This evolutionary gift may protect corals from climate change

To see what defenses corals are already developing against warmer waters, Meibom and colleagues wanted to find out how much heat the coral reefs and their complex network, called hoolobiont, could withstand. He likens it to testing the strength of a rubber band: How tight can you stretch it before it breaks? How long does it take to return to its normal shape?

It is crucial to understand how these corals function at the cellular level, says Karen Kleinhouse, who researches corals at Stony Brook University. “These amazing coral reefs will be among the last to survive” until the end of the 21st century, she says. “We need to know what they’re doing, what’s going on, and how they’re doing it.”

In their experience, the researchers grew S. pistillata In a series of aquatic creatures they named the Red Sea Simulator. Each aquarium can be customized to replicate specific water conditions and to expose corals, algae and bacteria to different temperatures for different periods of time. Then the researchers examined the genes that the corals expressed during their natural state, how that changed with the increase in temperature, and how quickly the gene activity returned to normal when the temperature decreased.

They found that the three organisms were all able to alter the genes they used while heating the water. For example, corals have shown the use of genes that are involved in the unfolded protein response, a mechanism used to detect environmental stress and Maintain balance In the cell in other studies, it has been described as coral First line of defense Against heat. Meanwhile, the algae refused to activate genes related to photosynthesis. In general, the Red Sea species were able to survive until the temperature rose by more than 5 degrees Celsius, and once the scientists lowered the temperature in the reservoirs, the entire holobiont returned to its normal state, even after a week under hot conditions. . Meibom likens their flexibility to an ultra-fit athlete able to recover quickly after a major workout and prepare for another challenge.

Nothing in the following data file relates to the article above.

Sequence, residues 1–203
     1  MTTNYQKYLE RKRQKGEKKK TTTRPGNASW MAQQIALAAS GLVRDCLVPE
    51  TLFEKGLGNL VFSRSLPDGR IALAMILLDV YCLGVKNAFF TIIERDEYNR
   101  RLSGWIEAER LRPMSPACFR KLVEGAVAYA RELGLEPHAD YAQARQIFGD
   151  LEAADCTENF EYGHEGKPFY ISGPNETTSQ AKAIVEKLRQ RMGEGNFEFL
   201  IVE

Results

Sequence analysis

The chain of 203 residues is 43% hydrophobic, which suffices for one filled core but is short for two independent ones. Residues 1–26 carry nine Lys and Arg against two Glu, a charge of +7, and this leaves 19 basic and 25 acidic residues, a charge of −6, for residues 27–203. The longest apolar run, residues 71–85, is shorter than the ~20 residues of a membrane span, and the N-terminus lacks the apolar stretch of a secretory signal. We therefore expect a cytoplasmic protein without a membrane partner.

“The paper is a really good job and sheds light on the early stages of the response to heat stress in heat-resistant corals,” says Andrea Grottoli, a professor at Ohio State University’s School of Geosciences who studies corals and climate change. Note that there are some limitations to this approach. Just because the gene is activated does not mean that the coral will eventually produce new proteins. It’s an indication that corals are responding to their environment, but it’s not the whole story – you also want to know exactly what biochemical changes they have been making to adapt, and how these corals are changing physically.

Grottoli also notes that the study’s longest exposures, of up to seven days, are shorter than many true heat waves. “Most natural whitening events take two months,” she says.

Meibom agrees that his study does not explain how these newly activated genes could help corals survive, but he says that getting to know them is a step toward figuring it out. “It provides a hint of what is happening.”

It is also unclear why these corals have this heat resistance but some do not. It might not be because it evolved in the hot climate of the Red Sea, but because it arrived from a hotter place. Meibom believes it may have something to do with the species that inhabited the Red Sea during the last Ice Age, about 20,000 years ago. The water evaporated from around the equator and eventually froze into large glaciers. With all that water trapped in the ice, sea levels have plummeted, cutting the Red Sea off the Arabian Sea, essentially turning it into a lake. The water level decreased and the accumulation of salt made it an inhospitable environment. But when the glaciers melted and the connection to the rest of the ocean was repaired, water and new life forms poured in. This included the coral that lives in the Arabian Sea, which slowly made its way out of the hotter southern waters. Only these species that were adapted to the heat were healthy enough to send their larvae north to repopulate the Gulf of Aqaba. They were chosen.

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